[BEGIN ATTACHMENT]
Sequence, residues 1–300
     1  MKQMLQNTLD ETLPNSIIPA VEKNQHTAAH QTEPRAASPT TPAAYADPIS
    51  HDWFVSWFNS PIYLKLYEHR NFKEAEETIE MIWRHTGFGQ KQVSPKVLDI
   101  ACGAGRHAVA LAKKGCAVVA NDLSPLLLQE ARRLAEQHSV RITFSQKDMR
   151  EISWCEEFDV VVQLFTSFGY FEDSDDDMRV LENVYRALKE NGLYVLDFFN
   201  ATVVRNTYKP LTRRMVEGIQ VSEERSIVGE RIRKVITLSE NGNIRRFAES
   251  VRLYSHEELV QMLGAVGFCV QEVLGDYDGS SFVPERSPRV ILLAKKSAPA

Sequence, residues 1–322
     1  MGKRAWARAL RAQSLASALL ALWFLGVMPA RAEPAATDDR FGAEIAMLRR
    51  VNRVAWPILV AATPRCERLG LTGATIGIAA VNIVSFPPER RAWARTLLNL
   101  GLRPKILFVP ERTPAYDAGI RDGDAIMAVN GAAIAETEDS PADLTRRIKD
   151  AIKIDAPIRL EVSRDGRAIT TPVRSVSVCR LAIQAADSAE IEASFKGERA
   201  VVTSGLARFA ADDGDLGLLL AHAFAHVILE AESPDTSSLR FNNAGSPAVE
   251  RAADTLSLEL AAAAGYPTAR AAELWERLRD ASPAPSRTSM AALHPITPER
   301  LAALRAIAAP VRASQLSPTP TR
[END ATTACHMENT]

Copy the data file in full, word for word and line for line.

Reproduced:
Sequence, residues 1–300
     1  MKQMLQNTLD ETLPNSIIPA VEKNQHTAAH QTEPRAASPT TPAAYADPIS
    51  HDWFVSWFNS PIYLKLYEHR NFKEAEETIE MIWRHTGFGQ KQVSPKVLDI
   101  ACGAGRHAVA LAKKGCAVVA NDLSPLLLQE ARRLAEQHSV RITFSQKDMR
   151  EISWCEEFDV VVQLFTSFGY FEDSDDDMRV LENVYRALKE NGLYVLDFFN
   201  ATVVRNTYKP LTRRMVEGIQ VSEERSIVGE RIRKVITLSE NGNIRRFAES
   251  VRLYSHEELV QMLGAVGFCV QEVLGDYDGS SFVPERSPRV ILLAKKSAPA

Sequence, residues 1–322
     1  MGKRAWARAL RAQSLASALL ALWFLGVMPA RAEPAATDDR FGAEIAMLRR
    51  VNRVAWPILV AATPRCERLG LTGATIGIAA VNIVSFPPER RAWARTLLNL
   101  GLRPKILFVP ERTPAYDAGI RDGDAIMAVN GAAIAETEDS PADLTRRIKD
   151  AIKIDAPIRL EVSRDGRAIT TPVRSVSVCR LAIQAADSAE IEASFKGERA
   201  VVTSGLARFA ADDGDLGLLL AHAFAHVILE AESPDTSSLR FNNAGSPAVE
   251  RAADTLSLEL AAAAGYPTAR AAELWERLRD ASPAPSRTSM AALHPITPER
   301  LAALRAIAAP VRASQLSPTP TR